The Curse Of The Werewolf (1961 United Kingdom)

cursewerewolf By the early 60s director Terence Fisher was still regarded as Hammer’s best director, and his remarkable work here is definitely on par with the previous classics he had made at that point. Fisher puts to great use the lavishly built sets and makes this one of his most beautiful looking films despite the budget constrains, he creates a Gothic atmosphere of impeding doom that suits perfectly Anthony Hinds’ story.

Speaking of his take on the script, this is probably the film that better represents Fisher’s obsession with the dual nature of evil, and he takes full advantage of his character’s dilemma to create powerful scenes of suspense, drama and even eroticism. Oliver Reed is simply perfect as Leon, as his natural charm and powerful presence really enhance his character’s beastly nature. It’s a great performance as a man who tries to be good despite having a beast inside. While Reed is without a doubt the star, the highlight of the movie is Clifford Evans, whose performance as Leon’s uncle, Don Alfredo, is heartbreaking in its delivery, and  brings back good memories of Claude Rains in “The Wolf Man” (1941). As many have pointed out, Catherine Feller is probably the weakest link in the cast, although this doesn’t mean she gives a bad performance, but her presence is easily overshadowed by her peers. Hira Talfrey and John Gabriel make an excellent job in the supporting roles of the film, giving the film a heart and completing the main cast of the film. “The Curse of the Werewolf” is one of Hammer’s most enjoyable motion pictures, combining perfectly period drama with horror.  This gives the film that classic “Hammer look” with brilliant colours and haunting atmosphere.

love 10However, it’s also safe to say that the production suffers from some quibbles that lessen the film’s power. The main flaw is the fact that the film is too short for the kind of epic story the script attempts to narrate; it starts very nicely, slowly developing the tragic events but some scenes feel a bit too rushed. Certainly the budgetary constraints had a hand in this, and it’s a shame that the flow of the story is not constant as it does feel like a lot was missing. Modern viewers may not be used to Roy Ashton’s work of make-up, but I found it very appropriate and remarkably well done. Anthony Hinds does a very good job at writing this excellent werewolf story, while his story lacks the lurid details of Guy Endore’s 1933 novel, “The Werewolf Of Paris.” He manages to keep the essence of the novel intact despite being really a loose adaptation. The most captivating element of “The Curse of the Werewolf” is the way it handles the tragedy of the curse, set as a irremediable dark fate that awaits for Leon as a brutal change that eventually he will have to make.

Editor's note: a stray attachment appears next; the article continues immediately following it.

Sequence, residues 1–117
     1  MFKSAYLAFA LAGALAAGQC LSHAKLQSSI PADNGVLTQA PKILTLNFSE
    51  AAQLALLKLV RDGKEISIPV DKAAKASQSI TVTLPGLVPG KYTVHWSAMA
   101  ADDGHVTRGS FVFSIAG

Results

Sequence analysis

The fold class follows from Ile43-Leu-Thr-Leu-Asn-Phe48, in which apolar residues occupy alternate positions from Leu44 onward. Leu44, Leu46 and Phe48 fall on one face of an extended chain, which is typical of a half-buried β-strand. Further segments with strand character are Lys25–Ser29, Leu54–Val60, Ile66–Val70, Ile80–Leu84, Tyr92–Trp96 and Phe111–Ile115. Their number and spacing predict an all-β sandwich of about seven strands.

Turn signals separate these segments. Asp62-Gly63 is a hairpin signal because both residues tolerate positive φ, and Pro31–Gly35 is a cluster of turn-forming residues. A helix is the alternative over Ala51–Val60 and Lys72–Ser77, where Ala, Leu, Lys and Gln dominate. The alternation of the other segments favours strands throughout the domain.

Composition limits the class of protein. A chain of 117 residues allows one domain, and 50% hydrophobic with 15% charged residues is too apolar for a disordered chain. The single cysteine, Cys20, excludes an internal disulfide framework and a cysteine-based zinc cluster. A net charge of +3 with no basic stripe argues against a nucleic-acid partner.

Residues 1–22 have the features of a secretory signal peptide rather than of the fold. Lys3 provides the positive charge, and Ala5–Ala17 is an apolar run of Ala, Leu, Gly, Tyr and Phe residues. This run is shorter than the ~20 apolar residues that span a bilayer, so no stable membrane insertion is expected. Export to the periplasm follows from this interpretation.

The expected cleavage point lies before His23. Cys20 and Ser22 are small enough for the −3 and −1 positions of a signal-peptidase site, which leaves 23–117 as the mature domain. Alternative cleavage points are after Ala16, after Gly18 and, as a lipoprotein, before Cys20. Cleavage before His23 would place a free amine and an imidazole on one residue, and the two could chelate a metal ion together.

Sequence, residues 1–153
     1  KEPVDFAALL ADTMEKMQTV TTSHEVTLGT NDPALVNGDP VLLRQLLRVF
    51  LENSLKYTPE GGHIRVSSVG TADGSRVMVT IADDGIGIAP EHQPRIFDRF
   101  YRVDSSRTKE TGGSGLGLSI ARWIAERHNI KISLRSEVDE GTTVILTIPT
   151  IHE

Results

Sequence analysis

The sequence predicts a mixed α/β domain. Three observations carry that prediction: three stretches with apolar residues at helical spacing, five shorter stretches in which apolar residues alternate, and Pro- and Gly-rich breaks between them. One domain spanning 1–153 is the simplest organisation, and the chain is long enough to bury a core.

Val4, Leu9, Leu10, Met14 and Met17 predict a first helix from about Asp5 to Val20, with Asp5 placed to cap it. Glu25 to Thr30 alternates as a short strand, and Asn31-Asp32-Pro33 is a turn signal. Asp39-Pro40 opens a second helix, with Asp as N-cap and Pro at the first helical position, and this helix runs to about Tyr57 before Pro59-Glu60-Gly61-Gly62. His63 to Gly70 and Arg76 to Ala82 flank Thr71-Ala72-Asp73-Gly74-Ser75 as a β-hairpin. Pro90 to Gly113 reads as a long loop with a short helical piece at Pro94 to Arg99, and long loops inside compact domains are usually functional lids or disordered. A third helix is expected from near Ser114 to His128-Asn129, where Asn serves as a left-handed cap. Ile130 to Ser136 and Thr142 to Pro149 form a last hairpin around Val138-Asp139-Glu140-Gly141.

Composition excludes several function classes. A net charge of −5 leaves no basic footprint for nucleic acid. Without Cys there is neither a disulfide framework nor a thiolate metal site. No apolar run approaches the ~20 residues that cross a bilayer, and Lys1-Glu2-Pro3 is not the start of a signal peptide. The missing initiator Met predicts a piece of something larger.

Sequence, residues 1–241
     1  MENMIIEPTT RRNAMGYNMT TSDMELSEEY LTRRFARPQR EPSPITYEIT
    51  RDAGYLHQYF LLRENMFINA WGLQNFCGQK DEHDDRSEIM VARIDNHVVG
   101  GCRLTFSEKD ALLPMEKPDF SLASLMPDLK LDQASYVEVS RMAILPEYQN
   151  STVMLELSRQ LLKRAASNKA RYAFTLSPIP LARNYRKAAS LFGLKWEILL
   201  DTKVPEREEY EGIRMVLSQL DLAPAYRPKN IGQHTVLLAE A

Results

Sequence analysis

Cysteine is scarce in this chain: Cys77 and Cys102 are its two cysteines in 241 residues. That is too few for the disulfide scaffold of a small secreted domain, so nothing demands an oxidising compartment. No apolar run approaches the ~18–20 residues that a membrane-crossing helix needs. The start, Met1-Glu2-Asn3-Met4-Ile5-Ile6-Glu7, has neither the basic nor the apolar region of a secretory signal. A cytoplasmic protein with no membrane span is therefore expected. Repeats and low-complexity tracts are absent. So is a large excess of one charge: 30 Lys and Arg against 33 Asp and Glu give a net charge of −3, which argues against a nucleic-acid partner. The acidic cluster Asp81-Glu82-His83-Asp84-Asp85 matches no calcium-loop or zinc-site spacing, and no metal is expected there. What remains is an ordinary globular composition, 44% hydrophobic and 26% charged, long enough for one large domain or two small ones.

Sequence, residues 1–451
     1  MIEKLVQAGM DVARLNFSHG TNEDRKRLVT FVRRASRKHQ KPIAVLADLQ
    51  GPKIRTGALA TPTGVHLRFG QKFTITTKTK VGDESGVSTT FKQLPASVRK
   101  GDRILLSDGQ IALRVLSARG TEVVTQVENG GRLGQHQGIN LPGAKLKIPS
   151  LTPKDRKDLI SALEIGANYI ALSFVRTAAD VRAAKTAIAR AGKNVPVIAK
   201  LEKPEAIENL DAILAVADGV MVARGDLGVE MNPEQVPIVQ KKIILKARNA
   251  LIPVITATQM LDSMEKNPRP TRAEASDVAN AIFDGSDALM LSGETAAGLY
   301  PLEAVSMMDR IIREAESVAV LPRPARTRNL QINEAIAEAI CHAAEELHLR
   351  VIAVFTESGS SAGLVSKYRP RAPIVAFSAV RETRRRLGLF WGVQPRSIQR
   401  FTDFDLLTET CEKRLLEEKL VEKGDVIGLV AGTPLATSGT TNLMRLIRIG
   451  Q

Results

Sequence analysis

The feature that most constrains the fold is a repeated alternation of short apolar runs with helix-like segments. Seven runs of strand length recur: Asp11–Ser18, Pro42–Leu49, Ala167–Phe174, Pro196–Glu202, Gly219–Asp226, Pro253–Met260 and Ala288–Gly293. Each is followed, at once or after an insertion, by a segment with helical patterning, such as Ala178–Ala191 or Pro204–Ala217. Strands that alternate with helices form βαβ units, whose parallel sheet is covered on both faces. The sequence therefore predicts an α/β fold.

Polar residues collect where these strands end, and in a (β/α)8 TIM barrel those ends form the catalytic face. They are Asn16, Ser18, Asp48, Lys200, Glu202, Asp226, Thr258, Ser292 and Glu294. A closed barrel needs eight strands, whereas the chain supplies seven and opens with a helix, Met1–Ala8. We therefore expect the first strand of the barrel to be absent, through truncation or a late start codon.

love 3Leon suffers from a “disease” he didn’t asked for, that he simply was born with it, and Hinds plays with that tragedy without excessive melodrama, almost making the film a horror version of a Greek tragedy. Hinds’ way to introduce his audience to Leon’s story may be excessively slow (the entire first third is dedicated to the events previous to Leon’s birth), but in the end it really pays off as one can’t help but feel captivated by the epic tale of this cursed man. The standout performance for me must come from the ravishingly sexy Yvonne Romain. She was the most provocative of all the Hammer women. As the tragic serving wench, she fights off a would – be aristocratic rapist only to be ravished by a filthy, insane prisoner in a dungeon. When she is freed she gets revenge on the nobleman who still fancies ravishing her, despite his knowledge that she has been violated by the lowest ranked man in the kingdom. This is perhaps the most lurid sequence Hammer ever filmed. Talk about kinky!

curse-of-the-werewolf-5       (There there Oliver, you’re career won’t go downhill after this…its just a bad dream)

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